Did you miss the history behind episode six? Read it here.
Series three is galloping along cliff edges as fast as Ross’ horse (played so sure-footedly by the handsome Seamus). We’ve had births, deaths and marriages, new loves and losses, romance and hope, pain and illness. This week we mourn the death of Aunt Agatha, fear for the safety of Morwenna and watch Hugh Armitage watch Demelza. Meanwhile, the doctor Dwight Enys once more displays his modern medical skill by treating young Valentine’s rickets with a dose of Vitamin D, while George sets his sights on securing one of the 44 seats in Westminster filled by Cornish MPs, an opportunity which was dismissed by Ross.
On both the page and screen, the storylines move swiftly as the characters are relentlessly buffeted by life-changing events, some associated with human emotion and individual agency and others shaped by broader economic, social and political currents. The pace of change may often leave viewers and readers wondering: are any of these experiences 18th-century experiences, or is such high drama the stuff of fiction alone?
As an academic historian of 18th-century British history and the consultant to Poldark since series one, I’ve come to appreciate the many and varied links that Graham made between original historical research and the fictions that unfold in his novels.
Indeed, much of what Graham’s Poldark characters encounter is – perhaps surprisingly – inspired by ‘true stories’ the author uncovered in 18th-century newspapers, personal letters, diaries and autobiographies. I have often found myself retracing Graham’s steps through various historical documents (either by accident or design) when checking, confirming or suggesting alterations to points of detail in the adaptation. Some aspects of the stories – such as the relationship between local and national political representation and George’s quest to become an MP – are perhaps most obviously rooted in historical precedent, with Graham drawing on 18th-century elections of Cornish MPs as the blueprint for elections that unfold in the novels.
We might be more surprised, however, to learn of other storylines which were inspired by lived experiences from the past. For example, when Dwight first met Caroline in series two, he was initially summoned to treat her dog. He soon returned, called this time to check Caroline herself for what she feared were the symptoms of putrid throat but turned out be caused by a fishbone. From here a complex romance unfolds, but Graham later revealed that this starting point was drawn from a story he found in an 18th-century medical tract. Events both large and small, and encounters both remarkable and mundane, were sourced by Graham from original 18th-century documents and then tightly woven into his fictitious characters’ lives.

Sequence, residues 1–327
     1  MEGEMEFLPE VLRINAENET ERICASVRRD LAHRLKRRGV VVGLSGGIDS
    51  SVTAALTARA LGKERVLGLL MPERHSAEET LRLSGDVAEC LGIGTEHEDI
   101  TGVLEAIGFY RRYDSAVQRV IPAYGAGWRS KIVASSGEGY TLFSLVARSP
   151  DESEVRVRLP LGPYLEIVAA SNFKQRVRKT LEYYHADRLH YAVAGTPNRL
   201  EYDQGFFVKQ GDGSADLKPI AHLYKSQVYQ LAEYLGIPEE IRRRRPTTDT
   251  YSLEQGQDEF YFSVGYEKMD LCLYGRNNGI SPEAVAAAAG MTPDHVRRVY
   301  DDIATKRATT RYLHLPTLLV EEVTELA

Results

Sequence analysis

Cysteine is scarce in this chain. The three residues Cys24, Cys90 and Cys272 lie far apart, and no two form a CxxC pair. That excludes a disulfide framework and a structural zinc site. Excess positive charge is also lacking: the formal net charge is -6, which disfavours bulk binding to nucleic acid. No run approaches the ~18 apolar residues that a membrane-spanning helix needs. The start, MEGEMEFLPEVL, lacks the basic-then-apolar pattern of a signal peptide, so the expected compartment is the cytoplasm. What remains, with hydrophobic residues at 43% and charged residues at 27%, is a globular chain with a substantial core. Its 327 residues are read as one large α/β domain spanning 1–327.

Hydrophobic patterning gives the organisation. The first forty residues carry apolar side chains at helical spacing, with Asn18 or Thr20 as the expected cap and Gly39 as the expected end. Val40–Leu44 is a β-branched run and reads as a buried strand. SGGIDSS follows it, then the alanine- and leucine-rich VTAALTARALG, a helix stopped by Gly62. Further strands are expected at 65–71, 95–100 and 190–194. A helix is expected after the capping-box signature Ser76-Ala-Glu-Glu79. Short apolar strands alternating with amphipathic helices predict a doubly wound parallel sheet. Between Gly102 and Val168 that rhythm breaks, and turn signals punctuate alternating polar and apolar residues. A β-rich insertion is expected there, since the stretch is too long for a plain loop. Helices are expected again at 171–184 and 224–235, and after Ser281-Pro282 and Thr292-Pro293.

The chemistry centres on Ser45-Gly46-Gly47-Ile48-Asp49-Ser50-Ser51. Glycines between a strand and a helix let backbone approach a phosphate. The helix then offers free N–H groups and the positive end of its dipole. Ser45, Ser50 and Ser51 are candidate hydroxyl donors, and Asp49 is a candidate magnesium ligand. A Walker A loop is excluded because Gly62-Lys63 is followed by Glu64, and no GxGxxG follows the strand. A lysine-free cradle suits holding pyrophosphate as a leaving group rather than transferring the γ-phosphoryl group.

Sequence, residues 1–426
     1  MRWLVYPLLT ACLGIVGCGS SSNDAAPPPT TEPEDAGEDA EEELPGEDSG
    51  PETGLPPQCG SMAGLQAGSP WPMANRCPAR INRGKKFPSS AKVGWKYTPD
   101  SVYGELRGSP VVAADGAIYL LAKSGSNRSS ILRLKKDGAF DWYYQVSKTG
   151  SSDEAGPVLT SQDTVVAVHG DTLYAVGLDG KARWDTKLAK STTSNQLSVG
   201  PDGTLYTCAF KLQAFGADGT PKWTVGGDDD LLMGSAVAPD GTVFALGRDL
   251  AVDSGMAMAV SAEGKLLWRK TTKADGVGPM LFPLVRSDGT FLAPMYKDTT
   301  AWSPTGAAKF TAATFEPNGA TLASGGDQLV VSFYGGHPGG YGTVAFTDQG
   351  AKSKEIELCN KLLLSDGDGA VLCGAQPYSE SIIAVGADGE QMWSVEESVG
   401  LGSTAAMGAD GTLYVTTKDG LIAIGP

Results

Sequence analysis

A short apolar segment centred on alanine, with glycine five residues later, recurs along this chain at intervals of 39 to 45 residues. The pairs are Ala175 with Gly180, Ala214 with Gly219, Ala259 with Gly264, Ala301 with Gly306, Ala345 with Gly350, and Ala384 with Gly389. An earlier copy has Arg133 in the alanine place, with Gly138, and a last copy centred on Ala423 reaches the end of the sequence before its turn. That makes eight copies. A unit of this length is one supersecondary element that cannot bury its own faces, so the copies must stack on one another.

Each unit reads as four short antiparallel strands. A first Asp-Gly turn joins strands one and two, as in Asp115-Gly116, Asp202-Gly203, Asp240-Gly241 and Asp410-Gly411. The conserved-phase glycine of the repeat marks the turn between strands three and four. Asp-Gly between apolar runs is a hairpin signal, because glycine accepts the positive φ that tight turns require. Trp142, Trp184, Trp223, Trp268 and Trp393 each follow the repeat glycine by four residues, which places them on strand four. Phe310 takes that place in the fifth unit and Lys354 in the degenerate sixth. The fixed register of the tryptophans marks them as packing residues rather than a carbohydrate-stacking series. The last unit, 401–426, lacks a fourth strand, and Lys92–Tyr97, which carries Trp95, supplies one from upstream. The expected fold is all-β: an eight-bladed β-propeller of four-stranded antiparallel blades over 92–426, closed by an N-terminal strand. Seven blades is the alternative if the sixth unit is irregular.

The relationship between fact and fiction
Hilary Mantel’s recent Reith lectures on the relationship between fact and fiction in historical fiction has sparked fresh debate on where a boundary can or should be drawn between the two. With twelve Poldark novels completed, Winston Graham also set out his stall: “In all classes of [historical novels] one has to have a degree of historical truth as well as a truth to human nature. Man has not changed but his reaction to certain life patterns has. Unless the writer can understand these and transmit his understanding to the reader, his characters are simply modern people in fancy dress… It is important to deal as much as possible in historical fact. Indeed, I take my hat off to historical fact, for without it I could never have written the Poldarks.”
Trying to disentangle ‘fact’ from ‘fiction’ within any form of historical drama – whether or screen or page – can be an impossible task. Of course you shouldn’t believe everything that you read or watch – but then you shouldn’t disbelieve it either. Nor should we presume that some forms of historical fiction are necessarily more or less true than others. A novel that ostensibly deals with ‘real’ historical characters acting imagined parts in an imagined past is not automatically more ‘true’ than one that deals with fictional characters; both are novels.
For Winston Graham, understanding the 18th-century world in which his characters moved was an essential part of his work as a writer. “I do not know how near the truth of life in the 18th century these novels are,” he reflected. “All I know is that they are as near the truth as I can make them.”
Hannah Greig is author of The Beau Monde: Fashionable Society in Georgian London (OUP, 2013) and is a historical advisor on the BBC One drama series Poldark.
Want to find out more? Hannah Greig and historian Greg Jenner discuss the question of historical accuracy in period drama in a 2016 podcast episode, available here.